Although these studies allowed us to gain mechanistic insight into how ephrinB1 regulates cell movement and cell-cell boundaries, we understood little of how ephrinBs are regulated. Since we believe that the regulation of ephrinB proteins will be a critical process in controlling morphogenetic events, we have recently turned our attention to the post-translational regulation of ephrinBs. One of our studies has revealed a system of differential interactions between ephrinB1 and the E3 ubiquitin ligases, Smurf1 and Smurf2. These interactions regulate the maintenance of tissue boundaries through the control of ephrinB protein levels (Hwang YS, et al., Genes Dev. 2013). In another study that examines regulation of ephrinB2, we identified a new ephrinB2 interacting protein, the flotillin-1 scaffold. The presence of this protein is critical to maintain ephrinB2 protein levels. Loss of flotillin-1 renders eprhinB2 susceptible to cleavage by the ADAM10 metalloprotease, and leads to the failure of neural tube closure, an important morphogenetic event (Ji YJ, et al., Nature Comm. 2014).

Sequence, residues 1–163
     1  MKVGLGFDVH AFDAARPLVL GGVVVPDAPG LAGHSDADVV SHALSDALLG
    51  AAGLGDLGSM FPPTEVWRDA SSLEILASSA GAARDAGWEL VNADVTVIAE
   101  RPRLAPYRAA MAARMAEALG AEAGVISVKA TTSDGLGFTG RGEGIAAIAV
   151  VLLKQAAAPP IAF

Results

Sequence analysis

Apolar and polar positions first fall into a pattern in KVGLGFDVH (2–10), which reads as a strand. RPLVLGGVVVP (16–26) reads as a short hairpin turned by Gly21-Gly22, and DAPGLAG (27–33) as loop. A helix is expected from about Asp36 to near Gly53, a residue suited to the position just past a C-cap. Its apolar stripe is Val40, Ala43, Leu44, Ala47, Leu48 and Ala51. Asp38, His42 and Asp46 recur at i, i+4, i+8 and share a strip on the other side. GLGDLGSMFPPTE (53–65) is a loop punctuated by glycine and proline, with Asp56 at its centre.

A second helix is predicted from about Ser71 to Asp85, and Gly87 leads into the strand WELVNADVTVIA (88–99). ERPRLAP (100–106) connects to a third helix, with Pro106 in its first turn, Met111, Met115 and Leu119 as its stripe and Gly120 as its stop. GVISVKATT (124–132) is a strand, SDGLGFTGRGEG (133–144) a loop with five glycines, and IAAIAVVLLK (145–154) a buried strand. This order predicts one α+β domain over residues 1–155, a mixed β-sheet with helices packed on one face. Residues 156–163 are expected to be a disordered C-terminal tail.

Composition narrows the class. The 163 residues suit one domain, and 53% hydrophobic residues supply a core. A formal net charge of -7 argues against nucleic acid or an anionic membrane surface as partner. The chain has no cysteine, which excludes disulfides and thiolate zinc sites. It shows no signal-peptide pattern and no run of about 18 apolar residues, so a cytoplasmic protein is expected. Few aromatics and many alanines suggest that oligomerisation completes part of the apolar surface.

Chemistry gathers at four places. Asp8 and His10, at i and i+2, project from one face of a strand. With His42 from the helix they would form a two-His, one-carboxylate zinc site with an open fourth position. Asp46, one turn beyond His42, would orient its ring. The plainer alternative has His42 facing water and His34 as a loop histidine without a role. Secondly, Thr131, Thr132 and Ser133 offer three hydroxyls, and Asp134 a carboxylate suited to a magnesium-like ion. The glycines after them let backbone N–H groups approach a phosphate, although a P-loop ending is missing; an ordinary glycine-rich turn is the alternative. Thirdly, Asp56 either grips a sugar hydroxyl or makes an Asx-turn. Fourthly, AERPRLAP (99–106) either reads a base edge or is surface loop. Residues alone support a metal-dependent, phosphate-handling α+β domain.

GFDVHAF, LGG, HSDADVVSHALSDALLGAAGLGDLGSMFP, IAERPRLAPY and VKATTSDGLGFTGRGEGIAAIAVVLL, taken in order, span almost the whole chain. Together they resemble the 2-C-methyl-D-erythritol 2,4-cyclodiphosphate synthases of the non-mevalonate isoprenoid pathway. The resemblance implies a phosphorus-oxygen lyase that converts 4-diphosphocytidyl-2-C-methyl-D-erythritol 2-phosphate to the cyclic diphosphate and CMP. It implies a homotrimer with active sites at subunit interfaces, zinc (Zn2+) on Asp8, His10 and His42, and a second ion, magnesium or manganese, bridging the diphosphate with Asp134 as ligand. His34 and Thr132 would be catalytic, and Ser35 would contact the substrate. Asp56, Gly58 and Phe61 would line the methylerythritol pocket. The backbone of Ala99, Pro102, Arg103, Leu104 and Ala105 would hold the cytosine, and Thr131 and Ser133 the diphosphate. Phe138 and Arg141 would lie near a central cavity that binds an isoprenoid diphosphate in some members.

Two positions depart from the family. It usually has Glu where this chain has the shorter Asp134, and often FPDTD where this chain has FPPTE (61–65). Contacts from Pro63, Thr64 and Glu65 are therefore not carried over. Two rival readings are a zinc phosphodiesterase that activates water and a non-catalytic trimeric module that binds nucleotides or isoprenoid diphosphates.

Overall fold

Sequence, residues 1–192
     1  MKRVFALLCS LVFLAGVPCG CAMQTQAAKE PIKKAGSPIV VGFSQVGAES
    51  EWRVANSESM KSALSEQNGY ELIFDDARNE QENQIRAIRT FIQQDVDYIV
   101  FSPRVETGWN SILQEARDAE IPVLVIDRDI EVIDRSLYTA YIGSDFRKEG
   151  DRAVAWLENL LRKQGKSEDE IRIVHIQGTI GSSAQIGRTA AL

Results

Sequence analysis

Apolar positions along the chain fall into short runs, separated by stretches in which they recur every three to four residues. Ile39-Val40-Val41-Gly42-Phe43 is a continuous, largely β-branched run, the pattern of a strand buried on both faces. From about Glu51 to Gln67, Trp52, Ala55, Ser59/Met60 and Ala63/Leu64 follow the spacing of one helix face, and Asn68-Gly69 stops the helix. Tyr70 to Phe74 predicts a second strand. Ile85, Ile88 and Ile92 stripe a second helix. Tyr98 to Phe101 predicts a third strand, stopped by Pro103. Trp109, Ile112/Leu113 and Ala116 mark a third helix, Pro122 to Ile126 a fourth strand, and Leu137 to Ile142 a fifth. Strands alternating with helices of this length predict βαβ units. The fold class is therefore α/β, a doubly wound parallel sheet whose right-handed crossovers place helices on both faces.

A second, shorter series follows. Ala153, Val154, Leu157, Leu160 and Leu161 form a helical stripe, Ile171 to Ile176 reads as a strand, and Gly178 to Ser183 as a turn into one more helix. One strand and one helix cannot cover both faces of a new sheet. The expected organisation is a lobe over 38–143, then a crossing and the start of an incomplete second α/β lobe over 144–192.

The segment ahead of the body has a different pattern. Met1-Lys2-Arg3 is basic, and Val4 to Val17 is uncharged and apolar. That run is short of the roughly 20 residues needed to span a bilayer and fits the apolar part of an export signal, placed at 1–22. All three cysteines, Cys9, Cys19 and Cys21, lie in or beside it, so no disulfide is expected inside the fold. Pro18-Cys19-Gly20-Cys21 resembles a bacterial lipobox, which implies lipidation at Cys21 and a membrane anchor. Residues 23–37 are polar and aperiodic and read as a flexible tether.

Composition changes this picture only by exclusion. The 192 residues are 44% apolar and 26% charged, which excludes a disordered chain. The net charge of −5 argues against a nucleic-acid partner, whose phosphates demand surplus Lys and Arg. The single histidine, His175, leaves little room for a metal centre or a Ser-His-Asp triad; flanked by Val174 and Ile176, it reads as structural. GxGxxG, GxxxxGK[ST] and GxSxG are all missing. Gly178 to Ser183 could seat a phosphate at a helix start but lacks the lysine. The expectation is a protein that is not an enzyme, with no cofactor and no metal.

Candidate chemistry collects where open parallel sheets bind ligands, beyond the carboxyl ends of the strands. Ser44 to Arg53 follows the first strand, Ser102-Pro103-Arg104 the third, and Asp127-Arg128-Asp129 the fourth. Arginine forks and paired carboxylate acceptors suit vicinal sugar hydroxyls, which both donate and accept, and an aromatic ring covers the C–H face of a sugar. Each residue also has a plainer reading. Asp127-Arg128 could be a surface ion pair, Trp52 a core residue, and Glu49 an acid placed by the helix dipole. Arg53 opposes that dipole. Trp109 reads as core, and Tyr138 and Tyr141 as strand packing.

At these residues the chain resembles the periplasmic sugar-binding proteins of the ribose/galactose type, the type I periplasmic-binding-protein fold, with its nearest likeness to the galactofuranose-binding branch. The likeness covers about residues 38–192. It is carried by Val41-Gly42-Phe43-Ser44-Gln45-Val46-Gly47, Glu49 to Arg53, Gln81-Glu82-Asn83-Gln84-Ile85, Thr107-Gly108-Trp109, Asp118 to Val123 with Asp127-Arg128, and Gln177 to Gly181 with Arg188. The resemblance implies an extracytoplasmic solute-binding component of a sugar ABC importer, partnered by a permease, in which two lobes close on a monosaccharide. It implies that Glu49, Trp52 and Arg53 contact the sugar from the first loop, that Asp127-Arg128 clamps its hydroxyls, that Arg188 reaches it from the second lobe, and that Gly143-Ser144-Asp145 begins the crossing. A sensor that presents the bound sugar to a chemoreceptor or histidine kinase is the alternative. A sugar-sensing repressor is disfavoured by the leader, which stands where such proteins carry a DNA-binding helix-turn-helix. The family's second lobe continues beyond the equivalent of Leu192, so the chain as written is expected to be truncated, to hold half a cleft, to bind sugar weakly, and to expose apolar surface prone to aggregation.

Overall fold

Our future goals are to discover how the interactions between Eph/ephrin and other signaling pathways (such as Wnt, FGF, and TGF-β coordinate morphogenesis. Interactions between Eph/ephrin and other pathways may serve as an apparatus to organize the extracellular inputs received by cells at critical determination points to direct a morphogenetic outcome. When this signaling system goes awry, a disease state (such as birth defects and cancer progression) may be the outcome.
Gaur S, Mandelbaum M, Herold M, Majumdar HD, Neilson KM, Maynard TM, Mood K, Daar IO, Moody SA. Neural transcription factors bias cleavage stage blastomeres to give rise to neural ectoderm. Genesis. 2016;54(6):334-49.
Ji YJ, Hwang YS, Mood K, Cho HJ, Lee HS, Winterbottom E, Cousin H, Daar IO. EphrinB2 affects apical constriction in Xenopus embryos and is regulated by ADAM10 and flotillin-1. Nat Commun. 2014;5:3516.
Cho HJ, Hwang YS, Mood K, Ji YJ, Lim J, Morrison DK, Daar IO. EphrinB1 interacts with CNK1 and promotes cell migration through c-Jun N-terminal kinase (JNK) activation. J Biol Chem. 2014;289(26):18556-68.
Lu Q, Insinna C, Ott C, Stauffer J, Pintado PA, Rahajeng J, Baxa U, Walia V, Cuenca A, Hwang YS, Daar IO, Lopes S, Lippincott-Schwartz J, Jackson PK, Caplan S, Westlake CJ. Early steps in primary cilium assembly require EHD1/EHD3-dependent ciliary vesicle formation. Nat Cell Biol. 2015;17(3):228-240.
Hwang YS, Lee HS, Kamata T, Mood K, Cho HJ, Winterbottom E, Ji YJ, Singh A, Daar IO. The Smurf ubiquitin ligases regulate tissue separation via antagonistic interactions with ephrinB1. Genes Dev. 2013;27(5):491-503.
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This page was last updated on June 15th, 2017